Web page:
This is how you connect two routers together. It doesn't make any
    difference wire to wire, wireless to wireless or wire to wireless. It
    doesn't make any difference what brand the routers are either. The
    principles of connecting to the routers is the same.

    http://linksys.custhelp.com/cgi-bin/linksys.cfg/php/enduser/std_adp.php?p_faqid=358

    You can't have one router on 192.168.1.1 while the second one is on
    192.168.11.1. The computers will not be able to share resources that
    way. The second router must be using the same DHCP server on whatever
    the gateway router is using and its device IP must be in the range of
    the gateway router's device IP, like 192.168.1.2 a static IP on the
    gateway router if the router's device IP is 192.168.1.1.

    The second router becomes a switch. If the second router is the wireless
    router, then it becomes a wire/WAP switch, becase the DHCP server is
    disabled on the router.

    http://www.homenethelp.com/web/explain/about-hubs-and-switches.asp

    Duane :)
     
    Duane Arnold, Sep 24, 2006
    #5
  6. Xero Reflux

    Fat Ass Fred Guest

    There are other ways of doing this....
    Your assuming the subnet mask will allways be 255.255.255.0, if you
    setup the subnet mask to 255.255.0.0 You can most certainly have 2
    routers working together, each with DHCP enabled, and the second on
    192.168.11.1 and the first on 192.168.1.1. Each router assigns IP
    addresses for the devices that are connected to it. The devices on
    either router can see any computer with an IP address of 192.168.0.1
    through 192.168.255.255 as the subnet now defines that is the network.
    If it can't be done, then I'll have to re-write history, because I've
    done it before. Its basically setting up your own WAN in your house.
    Granted, the 192.168.x.x range is to be used for class C networks, and
    as such you wouldn't have upto 65535 computers on the network, and if
    your router allows you to change the IP address to a network address
    reserved to handle 65535 computers, then change it. I think 10.0.0.1
    would work, but what difference does it make if you modify the
    sub-mask of both routers to see each other.... Heck, you don't even
    have to do 254 at that... If you use 192.168.1.254, you can even use
    something like 255.255.254.0 There, that allows for 512 computers as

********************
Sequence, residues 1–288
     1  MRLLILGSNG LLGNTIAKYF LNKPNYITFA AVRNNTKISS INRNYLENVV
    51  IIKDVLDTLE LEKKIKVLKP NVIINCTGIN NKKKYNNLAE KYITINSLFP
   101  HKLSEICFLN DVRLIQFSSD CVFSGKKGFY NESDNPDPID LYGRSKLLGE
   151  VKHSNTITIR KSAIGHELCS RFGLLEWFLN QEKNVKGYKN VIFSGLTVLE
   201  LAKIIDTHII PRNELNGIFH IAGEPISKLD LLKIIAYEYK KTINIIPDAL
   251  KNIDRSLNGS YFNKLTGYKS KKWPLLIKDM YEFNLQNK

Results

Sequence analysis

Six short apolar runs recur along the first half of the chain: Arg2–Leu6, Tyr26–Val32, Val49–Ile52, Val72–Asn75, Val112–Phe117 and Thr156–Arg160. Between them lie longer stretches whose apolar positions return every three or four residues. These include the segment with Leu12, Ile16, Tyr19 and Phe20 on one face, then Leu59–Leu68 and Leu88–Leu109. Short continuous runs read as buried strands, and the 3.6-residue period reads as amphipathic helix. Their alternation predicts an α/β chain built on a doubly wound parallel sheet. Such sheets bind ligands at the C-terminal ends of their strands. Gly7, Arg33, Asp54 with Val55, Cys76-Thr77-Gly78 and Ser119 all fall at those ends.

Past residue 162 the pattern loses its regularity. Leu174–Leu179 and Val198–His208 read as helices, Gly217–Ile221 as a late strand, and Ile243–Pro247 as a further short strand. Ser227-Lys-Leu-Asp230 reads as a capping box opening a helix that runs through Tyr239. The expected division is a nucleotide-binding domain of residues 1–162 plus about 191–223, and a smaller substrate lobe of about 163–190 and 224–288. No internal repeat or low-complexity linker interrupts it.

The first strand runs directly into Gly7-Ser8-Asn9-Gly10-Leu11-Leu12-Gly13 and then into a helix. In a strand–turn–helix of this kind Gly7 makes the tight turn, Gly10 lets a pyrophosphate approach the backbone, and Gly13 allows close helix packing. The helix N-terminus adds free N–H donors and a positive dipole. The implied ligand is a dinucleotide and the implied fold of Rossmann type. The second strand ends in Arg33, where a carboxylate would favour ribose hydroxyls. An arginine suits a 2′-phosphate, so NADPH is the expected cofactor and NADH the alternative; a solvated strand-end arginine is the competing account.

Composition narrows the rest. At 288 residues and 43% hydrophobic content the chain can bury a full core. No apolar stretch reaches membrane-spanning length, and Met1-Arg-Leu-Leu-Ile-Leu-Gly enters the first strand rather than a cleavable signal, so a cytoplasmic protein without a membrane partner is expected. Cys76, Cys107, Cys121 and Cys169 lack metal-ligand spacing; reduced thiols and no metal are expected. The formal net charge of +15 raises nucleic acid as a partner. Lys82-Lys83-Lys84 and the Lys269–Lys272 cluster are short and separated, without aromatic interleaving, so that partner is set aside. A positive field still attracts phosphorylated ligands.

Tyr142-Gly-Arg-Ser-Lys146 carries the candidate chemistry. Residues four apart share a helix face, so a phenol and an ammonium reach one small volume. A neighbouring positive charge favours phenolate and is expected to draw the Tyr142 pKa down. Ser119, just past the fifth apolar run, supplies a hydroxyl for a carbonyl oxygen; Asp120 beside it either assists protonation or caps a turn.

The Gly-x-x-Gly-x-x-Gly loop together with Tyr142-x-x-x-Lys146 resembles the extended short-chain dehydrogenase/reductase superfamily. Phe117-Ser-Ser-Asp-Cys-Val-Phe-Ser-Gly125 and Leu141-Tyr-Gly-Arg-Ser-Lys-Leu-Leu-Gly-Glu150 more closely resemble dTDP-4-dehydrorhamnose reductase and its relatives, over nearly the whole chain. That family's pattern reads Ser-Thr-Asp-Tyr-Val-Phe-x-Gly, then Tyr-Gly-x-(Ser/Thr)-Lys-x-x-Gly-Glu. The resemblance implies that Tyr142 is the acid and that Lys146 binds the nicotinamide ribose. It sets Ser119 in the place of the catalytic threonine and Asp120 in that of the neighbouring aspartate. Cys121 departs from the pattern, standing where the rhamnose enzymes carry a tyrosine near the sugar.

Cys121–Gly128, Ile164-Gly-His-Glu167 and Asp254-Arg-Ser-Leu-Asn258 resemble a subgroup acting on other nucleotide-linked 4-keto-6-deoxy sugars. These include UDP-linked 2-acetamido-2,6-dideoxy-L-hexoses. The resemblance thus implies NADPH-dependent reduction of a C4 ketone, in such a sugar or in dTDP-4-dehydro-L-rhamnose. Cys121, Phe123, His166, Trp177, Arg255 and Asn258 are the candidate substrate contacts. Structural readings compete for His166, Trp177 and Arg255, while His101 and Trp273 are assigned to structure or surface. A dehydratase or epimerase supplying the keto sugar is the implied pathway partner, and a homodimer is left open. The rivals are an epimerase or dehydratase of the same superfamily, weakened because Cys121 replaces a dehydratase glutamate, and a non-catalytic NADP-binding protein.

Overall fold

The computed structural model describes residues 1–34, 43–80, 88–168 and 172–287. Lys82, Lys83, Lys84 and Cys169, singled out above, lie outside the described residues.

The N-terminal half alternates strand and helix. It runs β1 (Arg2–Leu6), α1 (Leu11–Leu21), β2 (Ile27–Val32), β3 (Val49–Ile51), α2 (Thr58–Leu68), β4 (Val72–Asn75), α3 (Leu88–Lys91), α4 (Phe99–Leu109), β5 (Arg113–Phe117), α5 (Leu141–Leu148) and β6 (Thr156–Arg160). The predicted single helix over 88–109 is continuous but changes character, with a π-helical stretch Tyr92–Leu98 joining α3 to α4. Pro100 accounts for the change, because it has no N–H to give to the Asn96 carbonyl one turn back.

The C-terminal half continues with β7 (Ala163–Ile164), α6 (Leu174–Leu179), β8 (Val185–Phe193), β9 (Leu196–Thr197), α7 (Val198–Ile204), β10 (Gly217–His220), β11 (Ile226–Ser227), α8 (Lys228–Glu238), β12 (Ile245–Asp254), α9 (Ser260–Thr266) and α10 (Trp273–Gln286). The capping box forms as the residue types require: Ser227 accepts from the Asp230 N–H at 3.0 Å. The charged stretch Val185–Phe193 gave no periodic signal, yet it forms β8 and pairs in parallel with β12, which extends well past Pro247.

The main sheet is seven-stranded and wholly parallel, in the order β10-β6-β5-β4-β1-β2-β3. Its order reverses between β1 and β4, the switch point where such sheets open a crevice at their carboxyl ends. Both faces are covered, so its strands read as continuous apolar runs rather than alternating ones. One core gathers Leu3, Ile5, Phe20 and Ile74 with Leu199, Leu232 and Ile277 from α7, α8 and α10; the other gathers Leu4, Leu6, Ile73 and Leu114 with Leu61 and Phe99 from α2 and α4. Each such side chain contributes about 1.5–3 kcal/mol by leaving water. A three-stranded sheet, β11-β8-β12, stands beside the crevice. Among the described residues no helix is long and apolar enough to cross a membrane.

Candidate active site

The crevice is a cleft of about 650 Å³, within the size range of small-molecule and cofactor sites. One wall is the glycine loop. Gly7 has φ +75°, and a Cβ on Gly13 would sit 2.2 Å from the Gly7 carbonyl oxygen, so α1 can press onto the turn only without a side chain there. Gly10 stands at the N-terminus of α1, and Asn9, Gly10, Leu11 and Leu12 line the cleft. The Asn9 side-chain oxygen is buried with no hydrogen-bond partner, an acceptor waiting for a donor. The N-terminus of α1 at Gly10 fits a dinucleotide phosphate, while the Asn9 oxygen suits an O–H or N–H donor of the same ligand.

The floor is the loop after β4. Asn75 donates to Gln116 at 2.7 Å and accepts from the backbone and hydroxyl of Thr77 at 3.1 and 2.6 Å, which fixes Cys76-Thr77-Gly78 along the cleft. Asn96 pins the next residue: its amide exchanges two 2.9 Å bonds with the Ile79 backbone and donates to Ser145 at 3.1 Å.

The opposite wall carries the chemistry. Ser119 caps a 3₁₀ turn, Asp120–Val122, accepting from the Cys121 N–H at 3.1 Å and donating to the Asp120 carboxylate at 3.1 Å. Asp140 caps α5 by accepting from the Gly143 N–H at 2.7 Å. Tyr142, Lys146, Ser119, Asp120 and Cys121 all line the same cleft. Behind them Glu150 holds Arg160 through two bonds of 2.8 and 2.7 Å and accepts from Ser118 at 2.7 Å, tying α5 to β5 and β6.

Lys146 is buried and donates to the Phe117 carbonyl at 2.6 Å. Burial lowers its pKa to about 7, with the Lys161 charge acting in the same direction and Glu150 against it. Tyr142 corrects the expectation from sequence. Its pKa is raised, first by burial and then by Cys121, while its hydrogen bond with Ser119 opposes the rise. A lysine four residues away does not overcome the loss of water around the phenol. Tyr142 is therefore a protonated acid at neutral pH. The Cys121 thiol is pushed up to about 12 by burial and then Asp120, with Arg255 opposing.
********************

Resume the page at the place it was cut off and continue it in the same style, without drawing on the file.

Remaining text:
compared to 65535.... Better?
     
    Fat Ass Fred, Sep 24, 2006
    #6
  7. Xero Reflux

    Duane Arnold Guest

    If the guy reports back and says it works, then I'll believe you. I
    never tried it, but a guy I kind of trust said that you couldn't share
    resources between machines even if two machines on the same router were
    using 192.168.1.x while the other one was using 192.168.2.x. Like I
    said, I never tried it and just kept them in the same range to keep it
    simple, between the wire/WAP switch and the FW appliance.

    Duane :)
     
    Duane Arnold, Sep 25, 2006
    #7
  8. Xero Reflux

    Leythos Guest

    If OUTER Router is LAN 192.168.1.1/24
    Inner Router is LAN 192.168.2.1/24
    Inner Router is WAN (with IP in OUTER LAN 192.168.1.2/24)

    Using the default NAT methods, a PC on Inner Router can reach any device
    in OUTER Router LAN network, but a device in the OUTER Router can not
    reach any devices in the INNER Router LAN unless you port map.

    If you setup both routers in the same LAN subnet (192.168.1.1/24), the
    INNER Router devices will always look to their own LAN for IP's that you
    might want them to find in the OUTER LAN.

    You can also disable the DHCP on the INNER ROUTER and connect the LAN of
    inner router to the LAN of OUTER ROUTER, making the IP of INNER ROUTER
    192.168.1.2/24, don't connect INNER ROUTER WAN, and then you just extend
    the network with additional ports - if the INNER is also a wireless
    access points or wireless routers, it will provide a way to make a
    wireless router just an Access Point.
     
    Leythos, Sep 25, 2006
    #8